What is C. difficile?
C. difficile is one of the many types of bacteria that can be found in the bowel, and has been a known cause of health care-associated diarrhea for about 30 years.
Where does C. difficile come from?
C. difficile is not new. Although people may associate it with health care settings, it doesn’t come from hospitals, long-term care homes or laboratories. It is found in the intestine, occurring naturally in 3-5% of adults (more commonly in the elderly) without causing symptoms.
What causes C. difficile?
C. difficile can be picked up on the hands from exposure in the environment and can get into the stomach once the mouth is touched, or if food is handled and then swallowed. Once in the stomach, the bacteria usually will not cause any problems unless the other bowel bacteria are disturbed, which can happen when antibiotics are taken. The use of antibiotics increases the chances of developing C. difficile diarrhea as it alters the normal level of good bacteria found in the intestines and colon.
Without the presence of the normal bowel bacteria, the C. difficile bacteria may start to grow and produce a toxin that can damage the bowel and lead to watery diarrhea, fever and abdominal pain or tenderness.
How does C. Difficile spread?
When a person has C. difficile, the bacteria in their feces can contaminate surfaces such as toilets, bedpans, commode chairs, and door handles (if feces is on hands). Other healthy individuals can contaminate their hands if they touch these items. If these individuals then touch their mouths without washing their hands, they can become infected.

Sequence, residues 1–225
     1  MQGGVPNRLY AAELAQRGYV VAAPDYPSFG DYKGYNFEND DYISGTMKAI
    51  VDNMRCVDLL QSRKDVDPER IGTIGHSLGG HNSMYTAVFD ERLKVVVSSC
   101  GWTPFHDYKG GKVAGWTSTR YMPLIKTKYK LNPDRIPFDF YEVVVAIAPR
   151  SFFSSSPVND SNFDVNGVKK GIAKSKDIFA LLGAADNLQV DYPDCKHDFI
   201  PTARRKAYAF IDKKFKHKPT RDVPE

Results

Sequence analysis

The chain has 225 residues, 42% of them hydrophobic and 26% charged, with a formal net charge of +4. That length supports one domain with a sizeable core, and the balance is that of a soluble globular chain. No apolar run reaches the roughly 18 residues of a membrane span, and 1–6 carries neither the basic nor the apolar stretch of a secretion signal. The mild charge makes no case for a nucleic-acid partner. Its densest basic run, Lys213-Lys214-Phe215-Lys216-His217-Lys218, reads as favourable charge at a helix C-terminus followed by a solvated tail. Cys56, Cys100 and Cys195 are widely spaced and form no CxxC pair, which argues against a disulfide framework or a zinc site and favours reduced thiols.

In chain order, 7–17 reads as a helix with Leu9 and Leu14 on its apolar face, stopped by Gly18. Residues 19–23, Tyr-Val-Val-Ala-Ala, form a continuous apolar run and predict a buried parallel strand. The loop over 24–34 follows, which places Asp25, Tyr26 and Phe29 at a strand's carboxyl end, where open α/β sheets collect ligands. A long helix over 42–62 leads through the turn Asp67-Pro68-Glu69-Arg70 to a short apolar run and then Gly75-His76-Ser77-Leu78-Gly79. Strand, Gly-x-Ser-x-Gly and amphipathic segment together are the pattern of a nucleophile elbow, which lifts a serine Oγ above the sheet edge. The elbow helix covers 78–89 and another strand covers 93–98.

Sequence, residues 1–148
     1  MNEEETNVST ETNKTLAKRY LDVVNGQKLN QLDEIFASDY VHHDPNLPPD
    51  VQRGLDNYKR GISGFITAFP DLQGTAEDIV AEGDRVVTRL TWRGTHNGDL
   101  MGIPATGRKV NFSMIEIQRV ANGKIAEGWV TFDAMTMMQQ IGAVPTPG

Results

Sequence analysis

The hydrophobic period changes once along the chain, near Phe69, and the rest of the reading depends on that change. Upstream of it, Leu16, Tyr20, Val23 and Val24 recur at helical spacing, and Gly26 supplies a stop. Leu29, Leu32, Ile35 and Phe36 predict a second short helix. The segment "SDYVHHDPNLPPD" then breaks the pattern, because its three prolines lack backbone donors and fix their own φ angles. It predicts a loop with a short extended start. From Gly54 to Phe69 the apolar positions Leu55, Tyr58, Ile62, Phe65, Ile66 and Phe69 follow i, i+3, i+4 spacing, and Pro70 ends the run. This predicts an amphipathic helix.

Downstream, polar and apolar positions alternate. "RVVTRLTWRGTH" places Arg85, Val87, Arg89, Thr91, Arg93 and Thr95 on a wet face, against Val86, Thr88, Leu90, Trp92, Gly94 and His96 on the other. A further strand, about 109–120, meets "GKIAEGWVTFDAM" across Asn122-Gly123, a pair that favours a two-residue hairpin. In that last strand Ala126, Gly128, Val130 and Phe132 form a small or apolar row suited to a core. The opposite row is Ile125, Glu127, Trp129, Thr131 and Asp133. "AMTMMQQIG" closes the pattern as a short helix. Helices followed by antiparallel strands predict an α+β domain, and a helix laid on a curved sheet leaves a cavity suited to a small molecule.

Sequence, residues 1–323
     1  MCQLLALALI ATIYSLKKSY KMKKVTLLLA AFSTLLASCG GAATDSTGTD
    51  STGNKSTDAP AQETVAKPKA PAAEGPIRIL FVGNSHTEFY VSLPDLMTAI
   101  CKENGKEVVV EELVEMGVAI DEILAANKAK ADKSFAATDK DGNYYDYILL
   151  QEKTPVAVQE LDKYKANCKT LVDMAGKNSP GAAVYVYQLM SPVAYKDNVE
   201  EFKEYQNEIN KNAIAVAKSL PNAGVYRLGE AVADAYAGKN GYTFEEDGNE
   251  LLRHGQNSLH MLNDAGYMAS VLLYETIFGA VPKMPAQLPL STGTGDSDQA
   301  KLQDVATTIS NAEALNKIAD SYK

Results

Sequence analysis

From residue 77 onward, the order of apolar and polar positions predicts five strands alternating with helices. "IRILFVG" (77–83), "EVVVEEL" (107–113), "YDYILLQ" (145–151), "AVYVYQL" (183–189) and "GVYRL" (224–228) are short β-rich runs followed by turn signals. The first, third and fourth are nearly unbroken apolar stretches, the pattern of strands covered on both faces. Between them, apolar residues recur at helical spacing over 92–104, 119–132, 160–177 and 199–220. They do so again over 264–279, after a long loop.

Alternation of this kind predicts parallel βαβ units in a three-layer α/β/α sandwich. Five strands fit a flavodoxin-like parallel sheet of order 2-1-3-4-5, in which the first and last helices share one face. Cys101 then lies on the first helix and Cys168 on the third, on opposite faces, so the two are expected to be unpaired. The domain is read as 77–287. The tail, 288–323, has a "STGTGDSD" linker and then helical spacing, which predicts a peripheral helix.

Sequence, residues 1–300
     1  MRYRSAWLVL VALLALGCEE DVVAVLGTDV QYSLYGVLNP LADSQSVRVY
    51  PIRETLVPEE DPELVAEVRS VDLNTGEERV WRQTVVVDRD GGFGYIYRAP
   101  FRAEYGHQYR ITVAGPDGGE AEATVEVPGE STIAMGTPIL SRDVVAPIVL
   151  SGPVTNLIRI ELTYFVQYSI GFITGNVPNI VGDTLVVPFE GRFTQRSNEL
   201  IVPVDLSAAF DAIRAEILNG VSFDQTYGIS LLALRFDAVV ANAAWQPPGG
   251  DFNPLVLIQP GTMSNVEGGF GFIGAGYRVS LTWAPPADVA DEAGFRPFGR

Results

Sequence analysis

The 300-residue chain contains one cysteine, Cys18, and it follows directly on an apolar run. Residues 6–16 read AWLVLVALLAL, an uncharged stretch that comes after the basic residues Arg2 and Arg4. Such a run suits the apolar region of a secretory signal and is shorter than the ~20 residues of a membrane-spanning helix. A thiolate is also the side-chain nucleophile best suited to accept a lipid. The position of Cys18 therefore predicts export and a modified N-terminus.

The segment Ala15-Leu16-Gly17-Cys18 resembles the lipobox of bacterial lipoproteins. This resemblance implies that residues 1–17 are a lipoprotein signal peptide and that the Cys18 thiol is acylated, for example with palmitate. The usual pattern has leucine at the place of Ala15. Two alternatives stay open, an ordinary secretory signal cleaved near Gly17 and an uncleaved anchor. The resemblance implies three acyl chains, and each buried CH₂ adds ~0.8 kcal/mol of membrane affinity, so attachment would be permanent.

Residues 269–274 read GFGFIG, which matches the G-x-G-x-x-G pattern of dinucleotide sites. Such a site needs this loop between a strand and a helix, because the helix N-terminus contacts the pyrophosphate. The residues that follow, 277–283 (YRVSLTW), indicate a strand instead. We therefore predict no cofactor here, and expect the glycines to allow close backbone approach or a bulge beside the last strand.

The spread of C. difficile occurs due to inadequate hand hygiene and environmental cleaning. C. difficile produces spores that survive for long periods and are resistant to destruction by many environmental factors (e.g. temperature, humidity).
Good hand hygiene is the single-most effective way to prevent the spread of infectious diseases like C. difficile.
What does hospital acquired infection mean?
Sometimes when patients are admitted to the hospital, they get infections while they are in the hospital. This is a hospital-acquired infection or a nosocomial infection, such as MRSA, VRE or C. difficile.
How is C. difficile treated?
Treatment depends on how sick you are. People with mild symptoms may not need treatment. For more severe disease, antibiotics are required.